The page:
The ankle joint is composed of three bones.  The talus working as a hinge surrounded on its top side by the end of the shin bone, the tibia, and the smaller outer bone, the fibula.  Frequent injuries occur to this joint secondary to the stress of the upper body rotating on this relatively small joint. 

Injuries to the ankle include sprains, strains, and fractures.  These injuries can lead to residual instability or pain requiring additional analysis and treatment.  Common findings may include damage to the talar dome (osteochondral lesions), chronic ligamentous laxity, and prominences of bone resulting in bursal swelling and irritation such as a Haglund’s deformity.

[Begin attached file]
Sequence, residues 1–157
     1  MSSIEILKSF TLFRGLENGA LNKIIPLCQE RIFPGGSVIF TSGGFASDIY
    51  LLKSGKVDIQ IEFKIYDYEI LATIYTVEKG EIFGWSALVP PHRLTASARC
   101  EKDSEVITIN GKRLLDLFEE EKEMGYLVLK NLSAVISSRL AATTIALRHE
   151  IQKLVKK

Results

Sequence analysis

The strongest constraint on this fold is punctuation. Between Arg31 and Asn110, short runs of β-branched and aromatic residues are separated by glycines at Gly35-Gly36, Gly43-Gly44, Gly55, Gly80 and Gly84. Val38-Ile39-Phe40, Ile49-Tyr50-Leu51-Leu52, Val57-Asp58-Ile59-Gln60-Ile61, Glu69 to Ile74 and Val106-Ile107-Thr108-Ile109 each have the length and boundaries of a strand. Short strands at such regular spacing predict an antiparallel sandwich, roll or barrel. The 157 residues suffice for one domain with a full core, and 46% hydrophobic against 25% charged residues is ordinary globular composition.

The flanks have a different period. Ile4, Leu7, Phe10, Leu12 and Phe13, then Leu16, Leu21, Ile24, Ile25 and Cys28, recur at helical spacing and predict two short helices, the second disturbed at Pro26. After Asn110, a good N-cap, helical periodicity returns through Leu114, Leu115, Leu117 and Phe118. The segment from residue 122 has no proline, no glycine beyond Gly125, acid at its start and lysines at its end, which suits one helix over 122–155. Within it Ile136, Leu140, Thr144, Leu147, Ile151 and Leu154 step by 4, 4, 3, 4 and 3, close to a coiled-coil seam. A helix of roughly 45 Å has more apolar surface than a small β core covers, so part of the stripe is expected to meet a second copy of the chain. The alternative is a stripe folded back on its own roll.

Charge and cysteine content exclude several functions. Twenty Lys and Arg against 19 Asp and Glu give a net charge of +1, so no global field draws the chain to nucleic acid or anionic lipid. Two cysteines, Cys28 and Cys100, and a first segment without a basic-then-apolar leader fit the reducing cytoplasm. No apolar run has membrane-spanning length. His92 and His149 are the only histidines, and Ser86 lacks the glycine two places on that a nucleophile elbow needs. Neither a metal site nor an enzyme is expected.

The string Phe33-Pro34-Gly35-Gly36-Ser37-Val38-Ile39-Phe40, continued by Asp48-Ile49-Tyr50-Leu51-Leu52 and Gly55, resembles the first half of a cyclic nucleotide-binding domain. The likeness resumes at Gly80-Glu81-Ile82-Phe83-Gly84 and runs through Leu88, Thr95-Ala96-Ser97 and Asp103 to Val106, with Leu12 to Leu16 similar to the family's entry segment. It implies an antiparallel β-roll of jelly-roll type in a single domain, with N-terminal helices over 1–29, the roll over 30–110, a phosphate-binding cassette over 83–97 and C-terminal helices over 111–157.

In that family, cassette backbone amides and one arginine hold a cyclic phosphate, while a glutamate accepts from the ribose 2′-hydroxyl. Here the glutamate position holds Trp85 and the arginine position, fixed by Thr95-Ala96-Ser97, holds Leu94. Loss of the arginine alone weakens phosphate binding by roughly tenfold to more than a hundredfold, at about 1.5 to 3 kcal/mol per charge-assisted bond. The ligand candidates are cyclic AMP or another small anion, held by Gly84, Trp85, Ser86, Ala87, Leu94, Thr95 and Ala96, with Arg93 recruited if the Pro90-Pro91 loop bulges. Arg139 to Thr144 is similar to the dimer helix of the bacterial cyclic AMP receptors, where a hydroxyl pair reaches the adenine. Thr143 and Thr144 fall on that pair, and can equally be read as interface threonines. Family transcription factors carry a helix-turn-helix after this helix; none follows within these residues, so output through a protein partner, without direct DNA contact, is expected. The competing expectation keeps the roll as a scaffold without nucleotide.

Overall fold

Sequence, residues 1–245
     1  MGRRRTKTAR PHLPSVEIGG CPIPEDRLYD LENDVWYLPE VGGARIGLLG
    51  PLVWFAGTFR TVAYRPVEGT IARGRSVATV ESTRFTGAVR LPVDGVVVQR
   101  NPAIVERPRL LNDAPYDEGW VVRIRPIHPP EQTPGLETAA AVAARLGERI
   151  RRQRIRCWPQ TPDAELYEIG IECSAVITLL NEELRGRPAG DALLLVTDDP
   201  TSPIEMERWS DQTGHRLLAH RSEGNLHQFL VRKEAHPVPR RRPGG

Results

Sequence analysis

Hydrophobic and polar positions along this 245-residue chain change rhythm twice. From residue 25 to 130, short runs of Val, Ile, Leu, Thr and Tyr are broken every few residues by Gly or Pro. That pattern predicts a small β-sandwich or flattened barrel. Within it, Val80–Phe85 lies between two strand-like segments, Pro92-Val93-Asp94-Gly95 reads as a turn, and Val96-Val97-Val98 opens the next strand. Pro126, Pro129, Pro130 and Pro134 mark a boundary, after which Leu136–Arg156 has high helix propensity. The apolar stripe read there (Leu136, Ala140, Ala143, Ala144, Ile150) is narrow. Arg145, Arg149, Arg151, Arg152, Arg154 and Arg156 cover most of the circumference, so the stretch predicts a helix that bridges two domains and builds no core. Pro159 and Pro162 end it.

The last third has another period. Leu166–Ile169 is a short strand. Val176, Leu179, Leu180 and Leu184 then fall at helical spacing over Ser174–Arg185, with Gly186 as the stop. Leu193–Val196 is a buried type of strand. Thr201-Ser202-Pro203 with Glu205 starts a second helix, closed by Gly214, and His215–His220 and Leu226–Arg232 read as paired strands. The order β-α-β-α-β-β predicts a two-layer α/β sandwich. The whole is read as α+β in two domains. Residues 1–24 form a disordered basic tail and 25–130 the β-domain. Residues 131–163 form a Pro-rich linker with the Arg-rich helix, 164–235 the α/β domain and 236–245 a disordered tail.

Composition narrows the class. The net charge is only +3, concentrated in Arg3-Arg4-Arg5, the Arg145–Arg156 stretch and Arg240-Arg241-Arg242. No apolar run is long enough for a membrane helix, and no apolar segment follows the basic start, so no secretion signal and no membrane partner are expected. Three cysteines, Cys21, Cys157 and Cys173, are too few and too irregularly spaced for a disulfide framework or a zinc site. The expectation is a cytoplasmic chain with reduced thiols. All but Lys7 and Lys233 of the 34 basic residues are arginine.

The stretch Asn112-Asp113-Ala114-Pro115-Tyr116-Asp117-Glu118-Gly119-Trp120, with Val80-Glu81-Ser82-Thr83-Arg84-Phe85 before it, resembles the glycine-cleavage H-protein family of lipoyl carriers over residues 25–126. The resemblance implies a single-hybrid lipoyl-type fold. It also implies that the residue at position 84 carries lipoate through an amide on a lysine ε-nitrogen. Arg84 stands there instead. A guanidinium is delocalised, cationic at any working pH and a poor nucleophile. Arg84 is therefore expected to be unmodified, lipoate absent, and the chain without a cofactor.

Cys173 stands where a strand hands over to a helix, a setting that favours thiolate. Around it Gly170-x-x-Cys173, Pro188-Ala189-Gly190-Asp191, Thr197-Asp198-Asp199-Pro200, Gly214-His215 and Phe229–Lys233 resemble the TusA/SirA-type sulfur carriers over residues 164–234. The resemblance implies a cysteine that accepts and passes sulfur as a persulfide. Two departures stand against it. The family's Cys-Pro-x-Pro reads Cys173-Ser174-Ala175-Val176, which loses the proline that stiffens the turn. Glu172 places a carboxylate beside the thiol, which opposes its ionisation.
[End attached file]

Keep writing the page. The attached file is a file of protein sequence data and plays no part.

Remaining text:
In some cases surgery is necessary to repair damaged structures.  Surgery to the ankle may be a conventional open repair or minimally invasive.  Minimally invasive techniques may be used for fracture reduction, arthroscopic repairs, and grafting.  When necessary, ankle fusions may be used to treat a painful arthritic ankle joint.  New advances in technology are leading to total replacements of the ankle joint. 




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